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Eisenhower’s Center for Family Medicine

Stepping up to the Demand for Optimal Care

One of the most important objectives in health care today is the training and recruitment of primary care physicians — family medicine and internal medicine — to meet the nationwide demand for optimal personal and family care. As one of the leading health care systems in the nation, Eisenhower Medical Center has been vigorously recruiting family medicine and internal medicine physicians to meet the need for primary care physicians in the Coachella Valley. Eisenhower has also created the Center for Family Medicine at the Eisenhower George and Julia Argyros Health Center. Part of Eisenhower’s School of Graduate Medical Education and Research which will begin accepting residents in July 2013, the Center for Family Medicine focuses on patient-physician centered relationships.

“I think one of the key points is that family medicine is a specialty. But it’s a specialty that focuses on breadth of care and is centered on the patient-physician relationship,” says Maureen Strohm, MD, Program Director of the Center for Family Medicine. “In the training process, resident physicians are trained across the entire spectrum of care, regardless of the patient’s age, medical problems or venue. We train residents in the hospital setting, in the outpatient office, the nursing home, as well as in the patient’s home. We also work with the resident physicians to incorporate a community focus in their work and caring.”

Joining Eisenhower Medical Center in 2009, Dr. Strohm has more than 27 years of experience in caring for patients and families in downtown Los Angeles. Dr. Strohm also has 14 years of experience as a family medicine residency director at the University of Southern California/California Hospital Family Medicine Residency program and 25 years as a faculty member with USC’s Keck School of Medicine where she is currently a Clinical Associate Professor of Family Medicine.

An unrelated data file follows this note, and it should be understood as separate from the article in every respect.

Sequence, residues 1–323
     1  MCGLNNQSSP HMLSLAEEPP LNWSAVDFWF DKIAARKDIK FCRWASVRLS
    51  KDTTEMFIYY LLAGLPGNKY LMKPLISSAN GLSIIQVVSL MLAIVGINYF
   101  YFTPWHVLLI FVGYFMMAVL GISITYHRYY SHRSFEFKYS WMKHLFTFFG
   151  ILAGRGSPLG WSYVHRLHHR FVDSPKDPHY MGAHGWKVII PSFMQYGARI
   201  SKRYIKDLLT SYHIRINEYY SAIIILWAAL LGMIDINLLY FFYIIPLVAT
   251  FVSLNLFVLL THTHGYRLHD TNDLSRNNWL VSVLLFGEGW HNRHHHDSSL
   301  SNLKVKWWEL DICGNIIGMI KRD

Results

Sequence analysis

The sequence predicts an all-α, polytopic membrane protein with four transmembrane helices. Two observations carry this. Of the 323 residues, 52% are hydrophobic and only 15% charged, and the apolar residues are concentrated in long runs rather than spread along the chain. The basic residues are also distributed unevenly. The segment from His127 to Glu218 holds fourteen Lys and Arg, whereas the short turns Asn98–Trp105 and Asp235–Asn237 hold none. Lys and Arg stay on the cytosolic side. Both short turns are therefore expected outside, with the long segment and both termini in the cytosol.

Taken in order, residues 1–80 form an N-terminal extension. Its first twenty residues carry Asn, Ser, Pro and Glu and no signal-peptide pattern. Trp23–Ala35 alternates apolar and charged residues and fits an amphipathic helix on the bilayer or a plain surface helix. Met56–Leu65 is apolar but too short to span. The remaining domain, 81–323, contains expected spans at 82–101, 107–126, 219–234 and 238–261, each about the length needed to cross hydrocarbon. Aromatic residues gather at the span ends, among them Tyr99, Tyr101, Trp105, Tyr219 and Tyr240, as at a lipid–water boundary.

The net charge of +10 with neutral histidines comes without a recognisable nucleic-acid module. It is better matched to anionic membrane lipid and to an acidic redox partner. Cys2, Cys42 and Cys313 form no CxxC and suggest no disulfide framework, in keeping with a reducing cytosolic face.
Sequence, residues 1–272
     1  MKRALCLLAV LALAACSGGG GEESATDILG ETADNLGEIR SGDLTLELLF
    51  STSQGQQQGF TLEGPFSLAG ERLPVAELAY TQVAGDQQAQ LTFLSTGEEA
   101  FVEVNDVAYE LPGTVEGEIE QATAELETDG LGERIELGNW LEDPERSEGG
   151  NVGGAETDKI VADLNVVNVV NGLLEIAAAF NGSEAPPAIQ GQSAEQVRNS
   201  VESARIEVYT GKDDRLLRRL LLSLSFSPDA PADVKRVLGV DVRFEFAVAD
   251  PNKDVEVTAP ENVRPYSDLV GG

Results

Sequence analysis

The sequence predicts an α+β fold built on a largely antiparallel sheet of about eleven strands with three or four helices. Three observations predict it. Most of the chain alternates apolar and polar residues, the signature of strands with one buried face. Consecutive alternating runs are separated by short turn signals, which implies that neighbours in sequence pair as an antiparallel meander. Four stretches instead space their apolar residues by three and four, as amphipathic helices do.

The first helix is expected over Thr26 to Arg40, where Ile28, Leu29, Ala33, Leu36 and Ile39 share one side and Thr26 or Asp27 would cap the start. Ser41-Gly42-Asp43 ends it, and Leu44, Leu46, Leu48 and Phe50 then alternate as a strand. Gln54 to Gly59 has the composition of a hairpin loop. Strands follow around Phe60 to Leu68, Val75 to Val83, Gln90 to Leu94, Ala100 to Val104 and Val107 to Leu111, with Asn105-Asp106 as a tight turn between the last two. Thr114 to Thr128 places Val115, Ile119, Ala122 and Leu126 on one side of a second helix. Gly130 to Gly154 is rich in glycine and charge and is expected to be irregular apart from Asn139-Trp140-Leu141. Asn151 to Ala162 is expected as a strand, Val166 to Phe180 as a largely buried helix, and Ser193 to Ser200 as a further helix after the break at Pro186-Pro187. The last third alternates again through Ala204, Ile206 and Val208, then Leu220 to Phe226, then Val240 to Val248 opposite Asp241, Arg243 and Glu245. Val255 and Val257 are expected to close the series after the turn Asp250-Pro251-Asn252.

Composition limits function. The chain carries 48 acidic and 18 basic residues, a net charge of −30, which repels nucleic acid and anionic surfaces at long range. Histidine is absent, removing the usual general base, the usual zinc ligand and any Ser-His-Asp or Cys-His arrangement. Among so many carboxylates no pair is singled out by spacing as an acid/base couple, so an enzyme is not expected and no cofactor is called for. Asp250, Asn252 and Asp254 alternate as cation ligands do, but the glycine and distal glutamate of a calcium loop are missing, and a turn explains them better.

According to Dr. Strohm, family medicine physicians have enough experience and expertise to handle about 90 percent of the health concerns they encounter. When specialists are needed, family physicians coordinate a patient’s care, ensuring a greater level of patient safety and balance which are fundamental to the relationship between the patient and physician.

One of the reasons for resurgence in primary care is the result of listening to what patients want. For those who remember the term “general practitioner,” the family medicine physician is that and more — someone who looks at the family as a whole entity, learning from both individual and group dynamics, treating the whole person and the whole family as an integral part of their community.

“For those of us who choose to go into family medicine, part of the reason and part of the joy is caring for whole families,” shares Dr. Strohm. “It brings a wealth to that relationship to be able to know each individual in the family in a special way.”

“There’s an extraordinary need for more primary care physicians,” explains Dr. Strohm. “By bringing residents in training to Eisenhower, the likelihood of them staying is significantly increased, so we will be building, over time, the base of physicians available to care for our community.”

For more information, call 760-773-1460 or visit emc.org/primarycare

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